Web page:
The Controller and Accountant-General’s Department (CAGD) in 2020 made history when, for the first time, it delivered comprehensive national accounts which covered the entire scope of public funds across the three levels of government – Central Government (CG), Local Government (LG), Public Corporations and State-Owned Enterprises (PC & SOE).
The Controller and Accountant-General has responsibility under the Public Financial Management (PFM) Act 2016 (ACT 921) to produce consolidated National Accounts on all public funds generated and utilised across government, on quarterly and annual basis.
It wasn’t until 2020 that the CAGD was able to comprehensively cover all levels of government, dubbed ‘Whole-of-Government’, which now provides a much broader view of the financial performance and position of the country at a specific period in time – in line with the International Monetary Fund (IMF) Government Finance Statistics (GFS) classification.
Mr. Kwasi Kwaning-Bosompem, Controller and Accountant-General said: “The CAGD produced full Central Government Accounts for the 2018 financial year; then General Government Accounts in the 2019 annual accounts, covering MDAs and MMDAs. In 2020, the SOE sector was targetted for the national accounts, in order to achieve Whole-of-Government reporting. These achievements were deepened in the 2021 Whole-of-Government Accounts”.
The Chief Accounting Officer to government added: “Through enhanced collaborative efforts between the CAGD and relevant stakeholders, we have been able to achieve more coverage in the 2021 Accounts than in the 2020 Accounts”.
An enviable club
What this means is that Ghana has joined the very few countries in the world – like the United Kingdom (UK), Canada, Sweden, Australia and New Zealand – enhancing financial reporting at the national level.
According to data from the Controller and Accountant-General, in the 2019 Accounts, 203 out of 260 MMDAs were covered to achieve the first-ever General Government Accounts for Ghana. In the 2020 Accounts, the scope was extended to cover 300 MDA Spending Units from 274 in the previous year, all the 260 MMDAs and 19 State-Owned Enterprises; thus producing the first-ever Whole-of-Government National Accounts for the country.
Up to 2017, the National Accounts only covered the Consolidated Funds resources drawn by ministries, departments and agencies (MDAs) from the Ministry of Finance, excluding other public funds such as Internally Generated Funds (IGF), Statutory Funds and Donor Funds utilised across government. This meant that all the three levels of government were not covered in the National Accounts.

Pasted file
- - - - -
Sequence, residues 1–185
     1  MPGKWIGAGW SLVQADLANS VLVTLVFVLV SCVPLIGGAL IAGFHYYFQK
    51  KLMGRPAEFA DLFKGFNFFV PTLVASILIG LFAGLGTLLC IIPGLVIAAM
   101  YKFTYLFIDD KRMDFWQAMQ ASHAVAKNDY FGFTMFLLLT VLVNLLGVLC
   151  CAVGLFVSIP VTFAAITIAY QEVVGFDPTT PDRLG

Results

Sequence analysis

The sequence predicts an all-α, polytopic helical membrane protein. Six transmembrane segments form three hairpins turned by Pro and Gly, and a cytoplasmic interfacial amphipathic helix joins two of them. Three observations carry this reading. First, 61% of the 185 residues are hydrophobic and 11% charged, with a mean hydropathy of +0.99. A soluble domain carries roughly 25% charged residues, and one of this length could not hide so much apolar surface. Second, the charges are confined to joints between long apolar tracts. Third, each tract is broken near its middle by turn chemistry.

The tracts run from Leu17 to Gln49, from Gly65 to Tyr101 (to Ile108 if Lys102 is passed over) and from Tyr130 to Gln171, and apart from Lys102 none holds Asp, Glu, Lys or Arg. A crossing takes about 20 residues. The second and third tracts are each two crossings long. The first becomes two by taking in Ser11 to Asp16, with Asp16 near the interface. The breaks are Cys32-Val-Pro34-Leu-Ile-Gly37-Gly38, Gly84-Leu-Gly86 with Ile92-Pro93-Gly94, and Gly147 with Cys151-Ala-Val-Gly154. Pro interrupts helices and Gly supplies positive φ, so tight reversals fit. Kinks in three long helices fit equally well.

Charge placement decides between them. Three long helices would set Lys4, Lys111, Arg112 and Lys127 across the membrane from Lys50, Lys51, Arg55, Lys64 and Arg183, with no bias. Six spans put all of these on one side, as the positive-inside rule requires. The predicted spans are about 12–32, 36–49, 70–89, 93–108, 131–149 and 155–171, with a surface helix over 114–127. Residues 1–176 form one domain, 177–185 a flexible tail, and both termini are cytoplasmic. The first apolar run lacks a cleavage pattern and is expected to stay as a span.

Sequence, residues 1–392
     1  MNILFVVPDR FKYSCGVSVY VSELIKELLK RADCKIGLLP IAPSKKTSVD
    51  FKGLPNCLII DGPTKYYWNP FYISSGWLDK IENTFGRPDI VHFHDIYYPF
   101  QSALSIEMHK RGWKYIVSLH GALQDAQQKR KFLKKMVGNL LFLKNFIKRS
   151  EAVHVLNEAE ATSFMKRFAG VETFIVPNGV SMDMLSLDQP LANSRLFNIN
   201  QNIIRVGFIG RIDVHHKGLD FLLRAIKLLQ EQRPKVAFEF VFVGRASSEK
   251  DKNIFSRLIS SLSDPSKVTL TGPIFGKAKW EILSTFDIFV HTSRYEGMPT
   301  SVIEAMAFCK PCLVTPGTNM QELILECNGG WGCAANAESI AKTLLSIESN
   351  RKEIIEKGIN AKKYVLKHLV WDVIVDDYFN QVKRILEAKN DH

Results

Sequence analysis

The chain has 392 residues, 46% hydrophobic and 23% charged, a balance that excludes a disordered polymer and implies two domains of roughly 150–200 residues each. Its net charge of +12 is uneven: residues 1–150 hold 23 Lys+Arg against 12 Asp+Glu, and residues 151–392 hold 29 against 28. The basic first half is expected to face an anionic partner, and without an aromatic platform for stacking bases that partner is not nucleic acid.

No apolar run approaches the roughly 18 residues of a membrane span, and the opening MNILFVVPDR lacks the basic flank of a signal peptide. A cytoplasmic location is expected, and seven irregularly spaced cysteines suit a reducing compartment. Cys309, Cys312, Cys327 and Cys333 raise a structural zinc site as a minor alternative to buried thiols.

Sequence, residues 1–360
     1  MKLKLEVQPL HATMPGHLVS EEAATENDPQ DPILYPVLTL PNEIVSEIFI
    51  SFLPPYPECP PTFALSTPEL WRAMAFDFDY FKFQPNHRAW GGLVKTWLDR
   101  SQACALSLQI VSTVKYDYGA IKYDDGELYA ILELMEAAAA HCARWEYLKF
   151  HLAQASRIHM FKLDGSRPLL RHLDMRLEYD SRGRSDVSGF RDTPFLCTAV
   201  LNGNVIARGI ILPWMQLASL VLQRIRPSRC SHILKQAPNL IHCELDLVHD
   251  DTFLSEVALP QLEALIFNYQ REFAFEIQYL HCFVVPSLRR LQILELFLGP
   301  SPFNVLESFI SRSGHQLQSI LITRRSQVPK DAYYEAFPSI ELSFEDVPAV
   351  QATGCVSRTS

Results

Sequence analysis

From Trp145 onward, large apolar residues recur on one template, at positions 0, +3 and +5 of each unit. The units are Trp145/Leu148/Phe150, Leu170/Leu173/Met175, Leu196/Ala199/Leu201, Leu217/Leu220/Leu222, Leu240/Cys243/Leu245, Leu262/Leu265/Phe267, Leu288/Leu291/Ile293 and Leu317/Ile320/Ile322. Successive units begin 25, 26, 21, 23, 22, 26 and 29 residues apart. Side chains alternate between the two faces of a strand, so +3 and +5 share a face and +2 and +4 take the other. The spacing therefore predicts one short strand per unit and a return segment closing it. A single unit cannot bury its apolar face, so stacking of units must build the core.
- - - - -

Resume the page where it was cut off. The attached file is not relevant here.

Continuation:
The number of MDA Spending Units increased from 300 to 703, including 100 percent of health sector entities and over 90 percent of educational sector entities. All the 260 MMDAs across the country were covered. The number of SOEs covered in the Accounts also increased from 19 to 47 out of the 85 SOEs targetted.
This classification of national accounts offers an opportunity for government, citizens and other stakeholders to appreciate financial contributions from each of the three levels of government toward the country’s overall financial performance and position.
The national accounts’ scope covers all public funds generated and utilised at the three levels of government: namely the Consolidated Fund (CF), Internally Generated Funds (IGF), Statutory Funds (SF) and Donor Funds (DF).
IPSAS implementation, delivery on time
The CAGD has also onboarded the implementation of IPSAS (International Public Sector Accounting Standards), which is aimed at enhancing the quality, consistency, comparability and transparency of the National Accounts. This, in essence, further deepens the National Accounts’ scope.
In preparing the 2021 Whole-of-Government Accounts, 31 out of 36 relevant IPSAS and 1 out of 3 Recommended Practice Guides (RPG) were complied with.
“It is worth noting that the CAGD submitted its Consolidated National Accounts to the Auditor-General ahead of the March 31 legal deadline for three consecutive years covering 2019, 2020 and 2021. This created more room for the Auditor-General to complete his audit and submit his report on the consolidated National Accounts to parliament and for publication on time,” Mr. Kwaning-Bosompem said.
Benefits of the expanded national accounts
Among key benefits of the expanded National Accounts, according to Mr. Kwaning-Bosompem, are the presentation of a global picture and an opportunity for government, citizens and other stakeholders to appreciate financial contributions from each of government’s three levels (CG, LG and SOE) toward the country’s overall financial performance and position.
Challenges and the way forward
Despite the benefits, key challenges continue to confront preparation of the National Accounts. Some of these include non- or late submission of financial statements by covered entities (MDAs, MMDAs and SOEs); and processing financial transactions outside the Ghana Integrated Financial Management Information System (GIFMIS). “This makes it very difficult to collate and validate data for the National Accounts.”
Another challenge, he pointed out, is the low commitment of public sector managers and accountants toward accounting reforms and financial reporting responsibilities; specifically, on IPSAS implementation at the entity level.
“We acknowledge the collaboration and support from various stakeholders in the success chalked up toward the expanded scope of the National Accounts. We will intensify the collaborative efforts and provide necessary support to all sectors of government to deepen the current achievement. It is expected that all principal spending officers, finance officers and other relevant public officers will commit themselves to financial reporting responsibilities under the PFM Act 2016 and the IPSAS implementation,” he noted.